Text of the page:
Wednesday, 18 July, 2018

Fish pedicure blamed for woman's lost toenails

Tiny fish called Garra rufa eat dead human skin making for a sort of pedicure Tiny fish called Garra rufa eat dead human skin making for a sort of pedicure
Melissa Porter | 05 July, 2018, 02:26

Fish pedicures have boomed since the first USA fish spa opened in Virginia in 2008, Lipner claims in the paper, due to what she calls "unfounded claims" that the treatment leaves feet smoother and less pungent, removes bacteria and fungus and increases circulation.

Garra rufa, or "doctor fish", pick dead skin from a spa visitor's feet in April 2006 in Hakone, Japan. Toenails can take months to grow back, however, so she may need to wait a year before she can start rocking a great polish.

Having fish eat dead skin off your feet may be a trendy (and ticklish) way to exfoliate, but so-called "fish pedicures" could pose health risks. This nail shedding is called onychomadesis, and it usually results in the nail falling off after an injury stops nail growth.

"I am not convinced at all that the fishes caused the problem", Dr. Antonella Tosti, the Fredric Brandt Endowed Professor of Dermatology at the University of Miami Miller School of Medicine, wrote in an email.

A young woman lost her toenails when they began to separate from her toes.

"This is not uncommon in women with a Greek foot ... who wear high heels and pinpointed shoes", Tosti said, referring to feet whose second toes are longer than the first, like Greek statues.

Lipner is unaware of any other such cases linked to fish spas, whose popularity seem to have drawn from unfounded claims about their health benefits, according to her report.

"This case highlights the importance of skin and nail problems associated with fish pedicures and the need for dermatologists to educate our patients about these adverse effects", the report concludes. In addition, the fish themselves can not be sanitized between each customer's pedicure session, the CDC says.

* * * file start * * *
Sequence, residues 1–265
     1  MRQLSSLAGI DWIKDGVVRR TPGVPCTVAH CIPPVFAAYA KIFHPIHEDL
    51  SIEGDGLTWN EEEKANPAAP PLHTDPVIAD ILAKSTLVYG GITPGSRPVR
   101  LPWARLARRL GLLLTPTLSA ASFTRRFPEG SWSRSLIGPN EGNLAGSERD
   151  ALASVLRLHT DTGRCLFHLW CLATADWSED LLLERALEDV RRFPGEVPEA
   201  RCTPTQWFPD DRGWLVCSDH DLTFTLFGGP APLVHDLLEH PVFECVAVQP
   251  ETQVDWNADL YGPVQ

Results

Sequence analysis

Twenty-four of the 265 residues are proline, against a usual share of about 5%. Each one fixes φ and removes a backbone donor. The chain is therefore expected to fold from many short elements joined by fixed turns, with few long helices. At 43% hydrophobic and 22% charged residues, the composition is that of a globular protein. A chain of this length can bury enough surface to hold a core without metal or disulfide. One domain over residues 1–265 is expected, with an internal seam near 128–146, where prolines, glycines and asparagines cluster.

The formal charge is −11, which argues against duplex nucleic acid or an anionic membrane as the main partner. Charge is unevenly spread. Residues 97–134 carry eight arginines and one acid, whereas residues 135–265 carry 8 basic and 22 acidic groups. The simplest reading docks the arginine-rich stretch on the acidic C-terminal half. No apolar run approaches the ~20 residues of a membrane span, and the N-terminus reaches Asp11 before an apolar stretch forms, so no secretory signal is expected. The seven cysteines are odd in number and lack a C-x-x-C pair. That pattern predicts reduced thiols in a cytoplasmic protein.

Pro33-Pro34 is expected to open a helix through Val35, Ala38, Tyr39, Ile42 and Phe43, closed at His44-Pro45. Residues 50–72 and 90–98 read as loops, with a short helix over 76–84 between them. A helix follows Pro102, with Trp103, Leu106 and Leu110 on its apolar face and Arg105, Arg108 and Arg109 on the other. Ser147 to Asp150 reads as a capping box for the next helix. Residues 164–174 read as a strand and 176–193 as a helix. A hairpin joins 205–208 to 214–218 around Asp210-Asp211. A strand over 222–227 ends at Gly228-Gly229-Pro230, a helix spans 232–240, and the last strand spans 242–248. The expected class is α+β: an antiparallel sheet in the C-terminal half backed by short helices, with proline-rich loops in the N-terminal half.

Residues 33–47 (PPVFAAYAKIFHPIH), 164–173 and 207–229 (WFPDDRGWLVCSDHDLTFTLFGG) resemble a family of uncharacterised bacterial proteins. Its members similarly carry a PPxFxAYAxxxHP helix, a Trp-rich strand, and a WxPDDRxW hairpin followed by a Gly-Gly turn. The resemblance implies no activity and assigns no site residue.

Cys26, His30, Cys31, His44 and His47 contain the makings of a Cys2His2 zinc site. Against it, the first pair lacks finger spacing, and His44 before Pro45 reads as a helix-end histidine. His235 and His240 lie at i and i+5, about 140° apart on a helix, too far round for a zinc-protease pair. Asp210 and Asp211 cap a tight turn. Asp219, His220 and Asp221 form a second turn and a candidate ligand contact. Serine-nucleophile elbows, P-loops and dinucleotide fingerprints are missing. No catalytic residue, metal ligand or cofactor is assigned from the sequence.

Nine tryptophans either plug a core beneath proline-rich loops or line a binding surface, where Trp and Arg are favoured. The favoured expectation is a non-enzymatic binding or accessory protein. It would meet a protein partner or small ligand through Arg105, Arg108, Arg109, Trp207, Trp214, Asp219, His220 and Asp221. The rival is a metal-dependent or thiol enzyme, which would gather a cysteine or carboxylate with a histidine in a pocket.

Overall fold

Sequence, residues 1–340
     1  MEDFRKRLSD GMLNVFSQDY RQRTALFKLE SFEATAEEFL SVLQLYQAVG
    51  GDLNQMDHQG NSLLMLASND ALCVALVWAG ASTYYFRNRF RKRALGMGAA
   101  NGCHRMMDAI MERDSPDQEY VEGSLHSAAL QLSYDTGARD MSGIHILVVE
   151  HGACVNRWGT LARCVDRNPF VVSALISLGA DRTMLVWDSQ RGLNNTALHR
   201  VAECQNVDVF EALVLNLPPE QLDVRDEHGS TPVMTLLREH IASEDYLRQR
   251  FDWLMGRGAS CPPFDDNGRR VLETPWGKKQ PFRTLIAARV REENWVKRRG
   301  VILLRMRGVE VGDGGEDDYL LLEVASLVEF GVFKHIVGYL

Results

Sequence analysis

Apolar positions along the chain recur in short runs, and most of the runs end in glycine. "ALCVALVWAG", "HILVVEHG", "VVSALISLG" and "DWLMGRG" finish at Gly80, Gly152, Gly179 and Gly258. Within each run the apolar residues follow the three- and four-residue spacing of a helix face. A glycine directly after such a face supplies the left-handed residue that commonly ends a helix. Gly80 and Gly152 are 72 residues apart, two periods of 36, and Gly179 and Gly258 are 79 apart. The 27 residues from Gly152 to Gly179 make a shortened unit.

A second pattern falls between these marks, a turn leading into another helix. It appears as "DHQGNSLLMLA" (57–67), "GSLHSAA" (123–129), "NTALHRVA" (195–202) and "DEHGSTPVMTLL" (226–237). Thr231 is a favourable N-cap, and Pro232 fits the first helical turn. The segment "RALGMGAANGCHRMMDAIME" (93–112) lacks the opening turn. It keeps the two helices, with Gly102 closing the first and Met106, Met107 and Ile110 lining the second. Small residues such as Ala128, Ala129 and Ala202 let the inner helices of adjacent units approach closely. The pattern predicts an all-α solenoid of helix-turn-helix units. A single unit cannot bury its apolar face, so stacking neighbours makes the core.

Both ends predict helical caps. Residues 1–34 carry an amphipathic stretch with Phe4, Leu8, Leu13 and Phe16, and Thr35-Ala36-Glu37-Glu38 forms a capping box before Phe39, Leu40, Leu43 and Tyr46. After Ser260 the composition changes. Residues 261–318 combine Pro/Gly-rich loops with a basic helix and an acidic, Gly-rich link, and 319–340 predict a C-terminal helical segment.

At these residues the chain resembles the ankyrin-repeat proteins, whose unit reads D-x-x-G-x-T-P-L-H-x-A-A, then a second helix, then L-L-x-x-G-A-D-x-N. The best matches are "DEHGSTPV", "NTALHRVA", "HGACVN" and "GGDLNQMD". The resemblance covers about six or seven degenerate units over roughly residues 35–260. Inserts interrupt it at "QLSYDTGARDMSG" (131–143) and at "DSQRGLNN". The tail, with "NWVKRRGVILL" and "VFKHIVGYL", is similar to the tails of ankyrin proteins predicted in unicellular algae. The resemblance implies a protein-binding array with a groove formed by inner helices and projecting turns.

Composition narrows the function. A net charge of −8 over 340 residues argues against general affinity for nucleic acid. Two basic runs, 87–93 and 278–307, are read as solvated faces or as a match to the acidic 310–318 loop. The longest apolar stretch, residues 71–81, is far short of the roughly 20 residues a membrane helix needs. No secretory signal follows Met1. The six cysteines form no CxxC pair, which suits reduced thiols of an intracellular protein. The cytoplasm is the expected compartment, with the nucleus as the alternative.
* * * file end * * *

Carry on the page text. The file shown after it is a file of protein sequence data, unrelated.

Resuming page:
For the sake of protecting her patient's anonymity, Lipner can't reveal where the woman got her pedicure. They hit their peak in popularity in the U.S. around a decade ago, but have since been banned in at least 10 states, including NY, largely because of health concerns.

Just how the nibbling fish triggered onychomadesis "is unknown", Lipner said, but "it is likely that direct trauma caused by fish biting multiple nail units causes a cessation in nail plate production". In 2011, the Vancouver Island Health Authority also banned it, saying that there were bacterial risks because the fish could not be sterilized.

"We did have some concerns about the welfare of these animals being transported around the world, often by people with limited experience", he said. And though proponents of fish pedicures have argued they can properly sanitise the fish and tubs between uses, research has shown that disease-causing bacteria can be readily found in both the tubs and fish used in these spas.